Minnesota’s private colleges feed STEM pipeline
Since 2000, the number of STEM degrees earned has increased 66% in Minnesota — with an overall increase of 49% at our member institutions and at 52% increase in STEM degrees earned by women.
The largest increase for STEM disciplines has been in math and statistics. Minnesota’s private colleges awarded 37% more degrees in math and statistics in 2015 than in 2011. This represents 32% of all degrees earned in the discipline in Minnesota.
Below is a sampling of some of our college’s STEM contributions. For a complete list, view our STEM handout.
Over the last four years, Augsburg College has provided National Science Foundation scholarships to 66 junior and senior STEM majors—of whom 39% began their college career at a community college and 36% are students of color. Each summer, about 60 students engage in on-campus undergraduate research and another 15 conduct research across the country at Research Experiences for Undergraduates (REUs).
Bethel University currently has faculty researching through four NSF grants in physics and biology. A STEM minor for elementary education majors began this academic year to develop teachers who effectively integrate STEM in to their classrooms. Bethel also annually hosts area elementary, middle and high school students for STEM events such as the Minnesota State Science Olympiad Division C Tournament; GEMS: Girls in Engineering, Math and Science; and class field trips to Bethel’s labs. Bethel students regularly collaborate with faculty in physics, chemistry, biology, math and neuroscience on research projects that have resulted in peer-reviewed publications, student-faculty presentations and awards at regional and national conferences. The research projects are funded by some internal grants, but primarily through external grants.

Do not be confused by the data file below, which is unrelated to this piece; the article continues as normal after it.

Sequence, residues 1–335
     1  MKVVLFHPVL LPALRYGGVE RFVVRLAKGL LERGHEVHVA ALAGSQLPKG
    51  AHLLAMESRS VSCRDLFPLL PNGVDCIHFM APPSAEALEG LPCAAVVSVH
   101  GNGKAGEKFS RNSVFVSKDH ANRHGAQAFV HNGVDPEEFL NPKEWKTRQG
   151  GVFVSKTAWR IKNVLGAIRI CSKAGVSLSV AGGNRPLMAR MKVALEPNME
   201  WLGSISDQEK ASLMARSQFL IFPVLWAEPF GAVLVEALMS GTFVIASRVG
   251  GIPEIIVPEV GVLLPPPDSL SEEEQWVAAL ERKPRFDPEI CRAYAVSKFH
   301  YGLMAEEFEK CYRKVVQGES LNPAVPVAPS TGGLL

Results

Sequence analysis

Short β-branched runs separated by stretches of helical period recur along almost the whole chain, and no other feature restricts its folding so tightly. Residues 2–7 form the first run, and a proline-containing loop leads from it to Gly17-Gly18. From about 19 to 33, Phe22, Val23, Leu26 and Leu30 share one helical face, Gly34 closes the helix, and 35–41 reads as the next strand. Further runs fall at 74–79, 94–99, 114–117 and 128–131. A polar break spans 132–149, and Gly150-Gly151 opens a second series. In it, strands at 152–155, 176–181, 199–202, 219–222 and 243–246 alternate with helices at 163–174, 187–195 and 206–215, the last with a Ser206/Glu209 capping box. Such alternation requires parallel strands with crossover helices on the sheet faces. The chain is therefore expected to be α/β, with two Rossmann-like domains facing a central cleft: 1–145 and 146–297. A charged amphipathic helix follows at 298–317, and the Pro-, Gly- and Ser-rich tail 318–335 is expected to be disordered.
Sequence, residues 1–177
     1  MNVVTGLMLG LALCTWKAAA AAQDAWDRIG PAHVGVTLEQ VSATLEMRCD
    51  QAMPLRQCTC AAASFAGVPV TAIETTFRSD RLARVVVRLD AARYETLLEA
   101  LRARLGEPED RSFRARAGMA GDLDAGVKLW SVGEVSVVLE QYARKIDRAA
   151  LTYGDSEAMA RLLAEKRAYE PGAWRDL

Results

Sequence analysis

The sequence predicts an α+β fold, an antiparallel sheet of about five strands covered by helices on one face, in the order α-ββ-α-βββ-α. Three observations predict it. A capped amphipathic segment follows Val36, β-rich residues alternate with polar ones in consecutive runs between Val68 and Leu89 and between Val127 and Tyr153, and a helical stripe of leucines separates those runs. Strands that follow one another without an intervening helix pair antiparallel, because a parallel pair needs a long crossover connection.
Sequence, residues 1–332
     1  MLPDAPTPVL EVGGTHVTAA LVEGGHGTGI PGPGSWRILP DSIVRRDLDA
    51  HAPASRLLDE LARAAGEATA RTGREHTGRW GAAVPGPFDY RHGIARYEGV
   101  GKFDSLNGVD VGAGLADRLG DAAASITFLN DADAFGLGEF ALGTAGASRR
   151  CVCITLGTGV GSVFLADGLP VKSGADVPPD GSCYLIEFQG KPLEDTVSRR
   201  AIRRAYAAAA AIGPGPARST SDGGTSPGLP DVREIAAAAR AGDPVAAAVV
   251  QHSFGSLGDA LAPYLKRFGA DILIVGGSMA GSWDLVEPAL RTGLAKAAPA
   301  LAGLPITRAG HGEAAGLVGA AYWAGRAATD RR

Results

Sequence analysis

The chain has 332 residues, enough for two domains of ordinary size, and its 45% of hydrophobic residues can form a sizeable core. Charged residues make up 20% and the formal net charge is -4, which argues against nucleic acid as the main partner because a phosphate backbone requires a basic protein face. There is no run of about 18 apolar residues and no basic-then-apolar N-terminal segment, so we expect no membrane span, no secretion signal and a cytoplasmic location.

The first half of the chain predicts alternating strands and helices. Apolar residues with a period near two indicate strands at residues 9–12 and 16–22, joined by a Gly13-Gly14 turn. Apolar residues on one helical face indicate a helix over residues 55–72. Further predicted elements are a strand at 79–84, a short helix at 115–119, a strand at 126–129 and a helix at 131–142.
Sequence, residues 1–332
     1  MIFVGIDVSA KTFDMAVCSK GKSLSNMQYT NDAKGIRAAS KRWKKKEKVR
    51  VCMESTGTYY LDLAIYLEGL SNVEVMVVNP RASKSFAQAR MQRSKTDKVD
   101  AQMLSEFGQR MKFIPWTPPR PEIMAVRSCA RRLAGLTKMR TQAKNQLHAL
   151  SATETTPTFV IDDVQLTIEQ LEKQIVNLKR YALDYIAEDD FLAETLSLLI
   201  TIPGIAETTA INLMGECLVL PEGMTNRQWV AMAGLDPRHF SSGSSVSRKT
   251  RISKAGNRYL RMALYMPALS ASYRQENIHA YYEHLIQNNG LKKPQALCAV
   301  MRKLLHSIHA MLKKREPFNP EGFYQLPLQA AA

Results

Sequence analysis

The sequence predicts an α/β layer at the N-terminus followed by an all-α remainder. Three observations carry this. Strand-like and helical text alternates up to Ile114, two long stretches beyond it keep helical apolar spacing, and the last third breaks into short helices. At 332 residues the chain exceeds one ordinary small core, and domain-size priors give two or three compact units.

Carleton College sent more students on to doctoral programs for geosciences and life sciences from 2003 to 2012, as tracked by the National Science Foundation, than any other liberal arts college. Particularly high numbers of students earn doctorate degrees in other scientific fields, as well: among liberal arts colleges, Carleton is second in students going on to earn physical science doctorates and third in students going on to earn math and computer science doctorates. Carleton is also a national leader among all colleges and universities nationwide in producing science PhDs — ranking sixth across all science disciplines and in the Top 10 since 1975.
College of Saint Benedict and Saint John’s University
The Future Chemists Scholarships and Support (FoCuS) program is a special program for students interested studying chemistry or biochemistry at the College of Saint Benedict and Saint John’s University. Students accepted into the program receive a scholarship as well as valuable mentoring in their field. They gain academic, leadership and research experiences that help prepare them for careers in chemistry or biochemistry. Incoming students are eligible for this program, which is supported by a grant from the National Science Foundation.
Concordia College (Moorhead)